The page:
My lectures for the day had just finished and I was excited to go back to the hostel to relax.  As I strolled out of the lecture room, I heard Emem, one of my course mates call me from across the hall.


I stopped and turned.

“Please I want to come to your room and borrow your textbook,” she said as she ran to meet up with me.

“I’ll be using it for the assignment. I’m sorry, I can’t give it out.”

“I’ll photocopy the chapter I want and return it this evening. There’s a place to photocopy near your hostel so it won’t take time.”

“I’m sorry, I don’t allow people photocopy my textbook. It’s piracy. If you want a book, you either get the original copy or your borrow one from someone or the library,” I said to her trying to sound kind.

“The author will not know if I photocopy the book. It’s cheaper for me to photocopy. Not everyone was born with a silver spoon like you.”

“It’s not about being born with a silver spoon or not. It’s about doing the right thing. It’s not right to photocopy a hard copy book in part or in whole without the permission of the author or publisher. Why not go to library and check for the book. Or use another textbook for the assignment. Piracy is a crime. It robs the author and publisher of getting profit and reduces the quality of the book thus making their effort, time and money go to waste. ”

I continued, “I understand that not everybody may be able to afford the original copy of a book. But we have alternatives. We have libraries. You can walk into a library, borrow a book and return it after use. Or you could go sit in the library and read the book if you are not allowed to borrow the book. Or you can borrow from someone who has a copy of the book. Also try to invest your money in buying books. Cut down on some of your expenses, give up some luxuries, save and use the money to buy books.”

She hissed and walked out on me. Well, I’m sorry to have disappointed her. I can’t be a party to book piracy.


I got back to the hostel and met with another temptation. One of my roommates asked me to send an eBook via Whatsapp or Bluetooth to her so that she can read it.

“That’s piracy,” I said to her and went on to explain. “I don’t send out Ebooks I bought except it was free. If you want the book, visit the author’s website and purchase the book directly from her. Or you can check online bookshops like Amazon and Okadabooksfor the book.

“You are selfish o. You can’t even help someone. Just to transfer that small book. Do you think everyone can buy the book? Wicked girl,” she said to me with disdain.

“I am not wicked. It’s actually wickedness to distribute an eBook via email, social media or Bluetooth without the permission of the author or publisher. We all should fight piracy by getting the original copy of books whether hard copy or soft copy.

I sat her down and explained to her the same thing I had explained to Emem earlier. I told her that if she ever needed a book but didn’t know where to get the original copy, she could use Google or ask people who have gotten the original copy where they got theirs.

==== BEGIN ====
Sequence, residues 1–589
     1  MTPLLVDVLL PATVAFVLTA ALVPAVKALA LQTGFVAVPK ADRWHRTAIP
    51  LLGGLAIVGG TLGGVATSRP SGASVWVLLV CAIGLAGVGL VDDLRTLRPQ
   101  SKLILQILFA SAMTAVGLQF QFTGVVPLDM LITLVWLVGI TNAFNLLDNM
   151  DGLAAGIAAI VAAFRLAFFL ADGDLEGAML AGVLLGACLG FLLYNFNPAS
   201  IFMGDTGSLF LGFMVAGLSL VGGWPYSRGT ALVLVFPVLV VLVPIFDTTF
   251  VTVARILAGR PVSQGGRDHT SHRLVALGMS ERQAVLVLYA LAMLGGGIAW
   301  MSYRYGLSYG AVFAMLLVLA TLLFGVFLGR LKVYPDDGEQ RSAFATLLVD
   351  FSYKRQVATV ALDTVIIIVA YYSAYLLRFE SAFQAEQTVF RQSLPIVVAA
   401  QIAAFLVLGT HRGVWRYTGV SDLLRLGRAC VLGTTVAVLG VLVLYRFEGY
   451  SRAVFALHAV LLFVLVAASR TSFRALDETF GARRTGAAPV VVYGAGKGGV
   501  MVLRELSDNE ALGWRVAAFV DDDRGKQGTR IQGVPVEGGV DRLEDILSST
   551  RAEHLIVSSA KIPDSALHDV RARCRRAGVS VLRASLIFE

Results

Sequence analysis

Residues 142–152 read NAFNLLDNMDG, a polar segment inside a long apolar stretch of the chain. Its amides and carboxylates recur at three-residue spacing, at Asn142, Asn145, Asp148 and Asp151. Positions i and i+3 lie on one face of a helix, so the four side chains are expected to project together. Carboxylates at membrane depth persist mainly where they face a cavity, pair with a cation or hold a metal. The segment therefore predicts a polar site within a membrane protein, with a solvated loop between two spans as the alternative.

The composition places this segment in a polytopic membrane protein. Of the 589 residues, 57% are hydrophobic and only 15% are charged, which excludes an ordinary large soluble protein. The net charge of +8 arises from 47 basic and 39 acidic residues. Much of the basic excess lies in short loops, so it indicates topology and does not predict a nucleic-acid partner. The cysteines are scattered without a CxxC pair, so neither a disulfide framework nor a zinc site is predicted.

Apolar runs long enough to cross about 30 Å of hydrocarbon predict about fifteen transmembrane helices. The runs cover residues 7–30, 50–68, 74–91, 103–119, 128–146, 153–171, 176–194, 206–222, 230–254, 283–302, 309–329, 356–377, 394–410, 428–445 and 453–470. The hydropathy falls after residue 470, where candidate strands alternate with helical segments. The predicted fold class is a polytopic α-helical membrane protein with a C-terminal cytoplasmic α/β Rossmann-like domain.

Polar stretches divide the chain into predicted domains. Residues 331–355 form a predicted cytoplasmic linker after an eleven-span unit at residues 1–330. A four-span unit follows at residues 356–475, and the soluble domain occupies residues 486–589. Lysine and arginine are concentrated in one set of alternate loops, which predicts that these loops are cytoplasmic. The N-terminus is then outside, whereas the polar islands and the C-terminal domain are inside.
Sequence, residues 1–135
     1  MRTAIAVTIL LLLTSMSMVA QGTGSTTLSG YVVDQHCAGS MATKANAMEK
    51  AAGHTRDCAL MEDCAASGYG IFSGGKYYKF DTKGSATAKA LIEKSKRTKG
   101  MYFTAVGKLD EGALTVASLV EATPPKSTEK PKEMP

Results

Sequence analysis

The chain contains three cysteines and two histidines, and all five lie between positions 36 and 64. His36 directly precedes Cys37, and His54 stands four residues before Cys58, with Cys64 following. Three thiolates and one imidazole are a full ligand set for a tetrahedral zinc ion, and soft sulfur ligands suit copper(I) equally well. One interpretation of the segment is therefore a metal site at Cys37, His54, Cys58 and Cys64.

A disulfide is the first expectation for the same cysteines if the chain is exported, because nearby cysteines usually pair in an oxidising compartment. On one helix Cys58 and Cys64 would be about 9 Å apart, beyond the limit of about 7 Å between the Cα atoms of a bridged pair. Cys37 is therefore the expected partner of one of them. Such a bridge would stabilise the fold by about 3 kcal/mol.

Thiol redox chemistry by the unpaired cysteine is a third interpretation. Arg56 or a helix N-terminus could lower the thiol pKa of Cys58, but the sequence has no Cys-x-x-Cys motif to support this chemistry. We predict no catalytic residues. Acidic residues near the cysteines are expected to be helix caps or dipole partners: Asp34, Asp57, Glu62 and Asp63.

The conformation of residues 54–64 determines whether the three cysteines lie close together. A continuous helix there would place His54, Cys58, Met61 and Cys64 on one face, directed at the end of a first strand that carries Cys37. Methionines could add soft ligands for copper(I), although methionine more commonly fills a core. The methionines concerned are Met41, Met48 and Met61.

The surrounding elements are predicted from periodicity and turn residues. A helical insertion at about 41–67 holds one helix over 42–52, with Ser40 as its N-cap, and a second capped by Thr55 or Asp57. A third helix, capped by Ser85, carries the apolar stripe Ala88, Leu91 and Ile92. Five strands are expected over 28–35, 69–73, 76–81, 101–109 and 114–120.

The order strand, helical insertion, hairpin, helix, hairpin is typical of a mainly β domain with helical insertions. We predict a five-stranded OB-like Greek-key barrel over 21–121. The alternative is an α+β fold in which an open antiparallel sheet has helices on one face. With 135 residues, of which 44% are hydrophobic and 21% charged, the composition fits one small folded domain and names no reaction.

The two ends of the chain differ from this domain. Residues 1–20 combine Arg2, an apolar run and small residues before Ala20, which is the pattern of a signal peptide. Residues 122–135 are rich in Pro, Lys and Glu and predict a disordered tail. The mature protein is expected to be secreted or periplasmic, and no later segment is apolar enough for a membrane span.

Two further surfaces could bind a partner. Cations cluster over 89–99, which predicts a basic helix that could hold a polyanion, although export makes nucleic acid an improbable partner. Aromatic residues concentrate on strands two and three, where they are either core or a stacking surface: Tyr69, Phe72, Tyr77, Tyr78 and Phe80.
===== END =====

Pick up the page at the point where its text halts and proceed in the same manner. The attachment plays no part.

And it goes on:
“These days, you can get most books directly from the author. So if you know the name of the author, you can easily find the author on social media and contact the person. Also, some authors leave their contact details on their books. So you can ask someone who has a copy of the author’s book to send the contact details to you. We also have online bookstores like Amazon and Okada Books. You can search for any book using either the book title or the name of the author.”

“If you distribute eBooks for free or allow people photocopy your book, you are helping them” she said.


“If you want to help people, direct them to where they can get a copy of the book. You can direct them to the author, publisher, bookshop or website where the book is available. Or better still, buy many copies of the book and give it out. That also includes Ebooks and audio books. It’s piracy to buy one copy of an Ebook and distribute it to five people. If you want to give out the book to five people, then buy five copies rather than distributing one copy to five people.”

“I don’t like giving out my books to people because I don’t want people to misplace my book or tear it so I’ll rather allow them to photocopy it or distribute my own copy of the Ebook,” she said out of concern.

“For people like me who value my books, it’s really difficult to lend out our books to people. Sometimes, they will misplace it, or tear it, pour oil or water on it, man handle or, rough handle it or keep it and never return it. But that’s not a justification for piracy. If you are afraid that someone might man handle your book, then don’t give it out but also don’t pirate the book.”

“Why should I fight piracy?” she asked.


“Writers spend time and energy creating original contents. When you pirate their works, you are making their time and energy which they invested in creating original contents be in vain. Secondly, most books cost money to publish. These writers/authors/publishers need to recover the cost of production and they also need to make profit from their hard work. But when you pirate their works, you are denying the writers the opportunity to recover the cost of production and also denying them their profit. So help to fight piracy. Get the original copy of any book you want to read whether it is in hard copy, ebook or audio format and encourage people to get the original copy of books.”

She thanked me for enlightening her on piracy and proceeded to purchase a copy of the eBook from the author directly.

Did you learn anything from my story? Please share with me your views and opinions about piracy.


End Note: This is a fiction story and episode 16 of the #UduakObongStorySeries.